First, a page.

Before the weekend was over, it was pointed out that Obama himself signed a bill called the "National Defense Authorization Act" requiring that he give Congress 30 days notice before releasing any inmate from Gitmo. Releasing the Taliban Five without notifying Congress was against the law. But a White House spokesperson was quick to justify the decision, citing the "unique and exigent circumstances." Yet again the President believes that the laws do not apply to him, at least not if he declares there to be "unique and exigent circumstances". Of course he is the sole arbiter of such circumstances, and his alleged good intentions, not the law or the actual facts of the case, should determine how he is judged. True to form, Obama supports the rule of Obama, not the rule of law.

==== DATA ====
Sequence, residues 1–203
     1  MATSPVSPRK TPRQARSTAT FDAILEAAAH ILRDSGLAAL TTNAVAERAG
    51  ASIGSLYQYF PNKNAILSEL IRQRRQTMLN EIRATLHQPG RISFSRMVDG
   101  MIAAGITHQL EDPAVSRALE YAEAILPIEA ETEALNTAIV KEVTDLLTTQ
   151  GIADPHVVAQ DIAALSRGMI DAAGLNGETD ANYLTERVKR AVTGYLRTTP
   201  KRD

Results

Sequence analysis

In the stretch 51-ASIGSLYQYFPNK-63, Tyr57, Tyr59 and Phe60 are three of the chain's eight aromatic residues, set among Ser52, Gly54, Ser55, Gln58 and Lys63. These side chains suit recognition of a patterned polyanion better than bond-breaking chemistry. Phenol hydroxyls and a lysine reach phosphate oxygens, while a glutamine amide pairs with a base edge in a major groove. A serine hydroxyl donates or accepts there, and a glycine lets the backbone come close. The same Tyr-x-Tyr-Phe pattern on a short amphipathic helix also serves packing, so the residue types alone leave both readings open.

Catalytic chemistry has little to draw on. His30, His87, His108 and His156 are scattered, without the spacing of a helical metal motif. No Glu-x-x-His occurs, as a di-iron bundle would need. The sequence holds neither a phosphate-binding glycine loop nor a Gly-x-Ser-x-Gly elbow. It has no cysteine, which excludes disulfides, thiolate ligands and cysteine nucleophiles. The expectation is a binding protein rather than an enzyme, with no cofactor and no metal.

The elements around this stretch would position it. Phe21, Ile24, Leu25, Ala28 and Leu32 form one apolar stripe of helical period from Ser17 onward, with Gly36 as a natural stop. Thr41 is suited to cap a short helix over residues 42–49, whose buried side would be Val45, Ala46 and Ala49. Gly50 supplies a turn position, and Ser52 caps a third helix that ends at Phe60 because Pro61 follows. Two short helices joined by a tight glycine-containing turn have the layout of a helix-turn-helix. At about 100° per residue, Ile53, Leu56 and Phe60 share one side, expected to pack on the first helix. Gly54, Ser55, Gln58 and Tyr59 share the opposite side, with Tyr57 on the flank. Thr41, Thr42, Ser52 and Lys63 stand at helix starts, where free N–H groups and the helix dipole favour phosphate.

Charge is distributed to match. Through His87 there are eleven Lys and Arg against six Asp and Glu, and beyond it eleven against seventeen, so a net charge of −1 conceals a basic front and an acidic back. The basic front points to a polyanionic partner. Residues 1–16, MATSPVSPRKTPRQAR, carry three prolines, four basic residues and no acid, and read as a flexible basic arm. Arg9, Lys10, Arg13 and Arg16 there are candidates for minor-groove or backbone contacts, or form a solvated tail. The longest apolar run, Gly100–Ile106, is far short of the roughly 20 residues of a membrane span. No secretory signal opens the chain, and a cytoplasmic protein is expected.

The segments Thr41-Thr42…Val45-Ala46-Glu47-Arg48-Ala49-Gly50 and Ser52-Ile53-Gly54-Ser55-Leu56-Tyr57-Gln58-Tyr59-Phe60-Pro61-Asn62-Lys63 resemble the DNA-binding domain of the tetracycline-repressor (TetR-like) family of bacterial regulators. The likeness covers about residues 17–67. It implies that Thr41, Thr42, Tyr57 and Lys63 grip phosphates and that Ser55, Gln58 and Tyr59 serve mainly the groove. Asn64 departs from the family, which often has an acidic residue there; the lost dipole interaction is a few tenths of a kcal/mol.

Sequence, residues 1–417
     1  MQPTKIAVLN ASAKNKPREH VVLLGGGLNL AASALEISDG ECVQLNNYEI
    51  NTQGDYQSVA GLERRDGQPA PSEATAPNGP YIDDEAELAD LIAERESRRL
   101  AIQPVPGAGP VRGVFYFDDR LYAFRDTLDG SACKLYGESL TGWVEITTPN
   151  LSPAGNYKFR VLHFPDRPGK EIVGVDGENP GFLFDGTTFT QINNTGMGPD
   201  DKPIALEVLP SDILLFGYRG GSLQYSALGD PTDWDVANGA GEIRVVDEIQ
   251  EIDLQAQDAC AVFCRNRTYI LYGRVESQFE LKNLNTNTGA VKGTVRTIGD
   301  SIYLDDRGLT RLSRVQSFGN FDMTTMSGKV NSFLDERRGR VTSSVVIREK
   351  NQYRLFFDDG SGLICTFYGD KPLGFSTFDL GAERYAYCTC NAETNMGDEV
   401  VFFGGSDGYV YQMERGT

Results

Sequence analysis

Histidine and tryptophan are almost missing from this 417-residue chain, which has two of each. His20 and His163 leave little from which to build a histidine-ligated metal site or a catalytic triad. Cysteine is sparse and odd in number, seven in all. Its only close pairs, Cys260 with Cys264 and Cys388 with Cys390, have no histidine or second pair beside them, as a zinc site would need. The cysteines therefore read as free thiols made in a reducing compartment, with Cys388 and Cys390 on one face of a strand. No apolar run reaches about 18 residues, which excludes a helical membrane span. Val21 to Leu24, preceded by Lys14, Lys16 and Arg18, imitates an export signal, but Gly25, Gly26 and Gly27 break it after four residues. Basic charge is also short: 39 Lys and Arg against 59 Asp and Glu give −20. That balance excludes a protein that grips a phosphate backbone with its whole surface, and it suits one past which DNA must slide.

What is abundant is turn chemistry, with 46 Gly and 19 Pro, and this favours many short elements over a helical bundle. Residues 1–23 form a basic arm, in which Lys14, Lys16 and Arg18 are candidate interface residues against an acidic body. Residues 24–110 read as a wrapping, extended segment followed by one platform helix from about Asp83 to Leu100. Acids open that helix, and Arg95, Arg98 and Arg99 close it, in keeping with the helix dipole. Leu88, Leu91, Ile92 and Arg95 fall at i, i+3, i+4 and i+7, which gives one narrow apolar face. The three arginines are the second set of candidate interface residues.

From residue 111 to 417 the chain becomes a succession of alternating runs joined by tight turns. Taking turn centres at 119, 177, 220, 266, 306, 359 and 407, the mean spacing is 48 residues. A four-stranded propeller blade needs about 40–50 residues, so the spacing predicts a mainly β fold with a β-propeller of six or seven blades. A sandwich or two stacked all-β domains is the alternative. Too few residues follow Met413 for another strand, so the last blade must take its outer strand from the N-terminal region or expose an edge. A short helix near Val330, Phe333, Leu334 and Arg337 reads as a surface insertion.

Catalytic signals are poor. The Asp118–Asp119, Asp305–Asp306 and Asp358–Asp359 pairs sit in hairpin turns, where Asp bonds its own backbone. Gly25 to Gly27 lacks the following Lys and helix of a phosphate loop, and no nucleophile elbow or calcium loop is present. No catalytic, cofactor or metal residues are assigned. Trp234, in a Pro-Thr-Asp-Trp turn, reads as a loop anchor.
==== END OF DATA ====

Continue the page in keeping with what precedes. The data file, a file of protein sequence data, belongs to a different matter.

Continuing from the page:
After the first two rounds of explanations did not stick, the Obama administration is offering yet another excuse. They now claim that they couldn't notify Congress because the Taliban said that if news of the deal became public, they would kill Bergdahl. In essence, Obama is saying he broke the law because the Taliban told him to. But this tale doesn't hold up to any scrutiny. The White House routinely gives classified briefings to Congress, or more commonly, to particular committees within Congress. Obama could have notified Congress without making the matter public. One must remember that while excuses may change repeatedly, the truth does not.